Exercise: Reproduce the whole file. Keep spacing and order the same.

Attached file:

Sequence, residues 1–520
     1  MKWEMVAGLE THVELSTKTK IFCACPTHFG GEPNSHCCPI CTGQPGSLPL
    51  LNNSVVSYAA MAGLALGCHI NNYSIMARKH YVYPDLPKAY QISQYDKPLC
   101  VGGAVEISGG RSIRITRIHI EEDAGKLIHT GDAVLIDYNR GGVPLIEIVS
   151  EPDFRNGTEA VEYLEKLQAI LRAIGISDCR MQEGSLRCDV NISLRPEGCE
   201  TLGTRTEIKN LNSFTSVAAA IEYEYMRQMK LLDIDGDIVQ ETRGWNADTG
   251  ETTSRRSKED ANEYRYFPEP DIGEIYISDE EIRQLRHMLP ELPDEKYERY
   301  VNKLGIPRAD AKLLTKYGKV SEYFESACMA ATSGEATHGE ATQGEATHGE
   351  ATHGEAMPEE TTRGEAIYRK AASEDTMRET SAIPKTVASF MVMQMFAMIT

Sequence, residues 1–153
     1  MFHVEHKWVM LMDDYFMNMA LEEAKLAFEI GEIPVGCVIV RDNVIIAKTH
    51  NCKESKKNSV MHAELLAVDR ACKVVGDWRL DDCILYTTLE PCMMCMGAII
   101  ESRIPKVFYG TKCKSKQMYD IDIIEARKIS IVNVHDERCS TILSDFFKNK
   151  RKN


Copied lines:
Sequence, residues 1–520
     1  MKWEMVAGLE THVELSTKTK IFCACPTHFG GEPNSHCCPI CTGQPGSLPL
    51  LNNSVVSYAA MAGLALGCHI NNYSIMARKH YVYPDLPKAY QISQYDKPLC
   101  VGGAVEISGG RSIRITRIHI EEDAGKLIHT GDAVLIDYNR GGVPLIEIVS
   151  EPDFRNGTEA VEYLEKLQAI LRAIGISDCR MQEGSLRCDV NISLRPEGCE
   201  TLGTRTEIKN LNSFTSVAAA IEYEYMRQMK LLDIDGDIVQ ETRGWNADTG
   251  ETTSRRSKED ANEYRYFPEP DIGEIYISDE EIRQLRHMLP ELPDEKYERY
   301  VNKLGIPRAD AKLLTKYGKV SEYFESACMA ATSGEATHGE ATQGEATHGE
   351  ATHGEAMPEE TTRGEAIYRK AASEDTMRET SAIPKTVASF MVMQMFAMIT

Sequence, residues 1–153
     1  MFHVEHKWVM LMDDYFMNMA LEEAKLAFEI GEIPVGCVIV RDNVIIAKTH
    51  NCKESKKNSV MHAELLAVDR ACKVVGDWRL DDCILYTTLE PCMMCMGAII
   101  ESRIPKVFYG TKCKSKQMYD IDIIEARKIS IVNVHDERCS TILSDFFKNK
   151  RKN